Let us now look at the Government schools. The RTEA was supposedly designed to make Government schools as good as the better private schools, so that even the affluent would want to send their children there as they would be free. After all, the Central Schools run by the Government of India are amongst the best in the country, with children of all social strata going there, as long as their parents are in a transferable Government job.

Sixty-four per cent of the schools in Andhra Pradesh do not have toilets. So, the girls either do not go to school or learn to hold their thirst. The RTEA emphasised construction of toilets in every school but, perhaps, not one toilet has been added in the last few years in the existing government schools after the RTEA was passed.

Leave aside toilets, virtually all government schools (excepting Central Schools) lack even basic facilities like chairs, benches, drinking water, a good (not dilapidated) building, enough rooms and teachers. No wonder a school building in the old part of Hyderabad city collapsed in July last, injuring five students. No surprise, then, that many schools have few students.

Even the poor cut down every other expense – including that on basic necessities – to send their children to the mushrooming private schools, which have a shine and charge high fees but may not be imparting any better education than the unsatisfactory government schools.

Some crowded areas in cities like Hyderabad do not have enough number of even bad government schools to take care of all the children in the area.

Quality of education

Let us now look at the products of the government schools. Some 71 per cent of the students of Class VIII in the rural schools of Andhra Pradesh cannot divide. Some 42 per cent of them cannot subtract. And 55 per cent cannot even read a Class II Text Book. These are some of the findings reported in the Annual Status of Education Report 2011.

The same report says that less than a third of class III students in rural Indian schools can solve simple two-digit subtraction problems. There has also been an alarming decline in mathematical skills, in the number of children in Class V that are able to read Class II books, and in attendance, over the last year.

At the international level, 15-year old Indian students, who were put for the first time on a global stage, stood only second last, only beating Kyrgyzstan when tested on their reading, math and science abilities. India thus ranked second last among 73 countries that participated in the programme for international student assessment conducted annually by the OECD to evaluate education systems world-wide.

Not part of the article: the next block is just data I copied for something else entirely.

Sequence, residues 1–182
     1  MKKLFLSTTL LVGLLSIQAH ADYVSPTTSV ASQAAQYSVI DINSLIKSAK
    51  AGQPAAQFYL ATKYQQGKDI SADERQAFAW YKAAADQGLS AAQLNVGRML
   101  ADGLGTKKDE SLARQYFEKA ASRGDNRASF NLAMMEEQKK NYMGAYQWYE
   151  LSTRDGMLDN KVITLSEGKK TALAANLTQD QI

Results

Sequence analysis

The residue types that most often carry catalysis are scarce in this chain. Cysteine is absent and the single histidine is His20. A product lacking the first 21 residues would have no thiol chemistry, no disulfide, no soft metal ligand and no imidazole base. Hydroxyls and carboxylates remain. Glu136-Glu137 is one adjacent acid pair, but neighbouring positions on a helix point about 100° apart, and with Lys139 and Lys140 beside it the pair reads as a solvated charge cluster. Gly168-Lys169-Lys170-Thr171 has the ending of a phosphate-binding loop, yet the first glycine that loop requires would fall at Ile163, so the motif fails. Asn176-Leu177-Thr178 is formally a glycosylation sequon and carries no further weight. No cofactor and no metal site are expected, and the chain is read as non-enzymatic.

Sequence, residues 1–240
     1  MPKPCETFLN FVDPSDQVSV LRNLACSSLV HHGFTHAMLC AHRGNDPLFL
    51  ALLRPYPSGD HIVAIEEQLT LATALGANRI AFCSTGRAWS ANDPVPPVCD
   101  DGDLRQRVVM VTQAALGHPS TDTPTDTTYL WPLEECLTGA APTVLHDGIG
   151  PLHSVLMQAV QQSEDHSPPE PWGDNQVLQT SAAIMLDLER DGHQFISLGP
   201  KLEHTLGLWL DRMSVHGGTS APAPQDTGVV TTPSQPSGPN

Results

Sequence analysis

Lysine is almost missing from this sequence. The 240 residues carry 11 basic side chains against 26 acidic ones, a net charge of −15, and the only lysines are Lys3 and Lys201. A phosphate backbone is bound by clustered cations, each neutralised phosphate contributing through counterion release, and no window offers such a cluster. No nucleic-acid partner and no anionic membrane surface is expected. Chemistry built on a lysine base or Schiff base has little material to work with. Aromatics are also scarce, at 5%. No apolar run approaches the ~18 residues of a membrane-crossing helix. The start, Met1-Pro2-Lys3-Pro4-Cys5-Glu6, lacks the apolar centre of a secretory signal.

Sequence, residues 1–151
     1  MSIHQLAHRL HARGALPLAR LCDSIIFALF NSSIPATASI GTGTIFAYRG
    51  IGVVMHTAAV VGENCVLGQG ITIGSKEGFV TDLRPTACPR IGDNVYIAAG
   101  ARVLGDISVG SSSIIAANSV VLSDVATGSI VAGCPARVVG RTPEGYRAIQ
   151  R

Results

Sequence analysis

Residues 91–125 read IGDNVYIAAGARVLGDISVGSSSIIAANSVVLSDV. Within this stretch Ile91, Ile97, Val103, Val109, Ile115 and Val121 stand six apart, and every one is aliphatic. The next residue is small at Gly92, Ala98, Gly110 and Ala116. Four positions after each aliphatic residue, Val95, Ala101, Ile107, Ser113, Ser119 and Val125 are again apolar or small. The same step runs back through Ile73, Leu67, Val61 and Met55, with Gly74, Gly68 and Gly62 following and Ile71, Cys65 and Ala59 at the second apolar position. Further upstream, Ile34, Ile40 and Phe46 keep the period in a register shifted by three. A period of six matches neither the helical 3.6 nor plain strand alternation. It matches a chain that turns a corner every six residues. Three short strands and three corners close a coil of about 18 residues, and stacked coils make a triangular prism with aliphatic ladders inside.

The survey was based on a two-hour test that half a million students were put through. By contrast, ‘more than one quarter of Shanghai’s 15-year old demonstrated advanced mathematical and thinking skills to solve complex problems compared to an OECD average of just three percent. And we want to be counted in the same league’ as China!

It is abundantly clear that we need a new Right to Education Act, which would be implementable and in the interest of all the citizens of the country. The new Act must recognise that if we wish every child in the country to grow up to be a fully responsible citizen, there is no alternative to de facto de-commercialising school education and resorting to a common (neighbourhood) school system, where parents (irrespective of their social status or circumstances of birth) living in a particular locality will have an obligation to send their children to a particular neighbourhood school.

It is only when children of the affluent and privileged go to a government school that there would be enough pressure on the authorities concerned to improve the school in terms of facilities, teachers and standards, as has happened in the Central Schools.

Further, education up to class XII must be free and compulsory as is the case in most other countries. The tragedy is we – the ‘ruling class’ – do not want every child in the country to have sufficient quality education for, in that case, there will be no one left for us to exploit. ‘Where shall we, then, get our household servants from?’

Sibal’s RTE Act is just not working. P.M. Bhargava. The Tribune, 18th March 2012.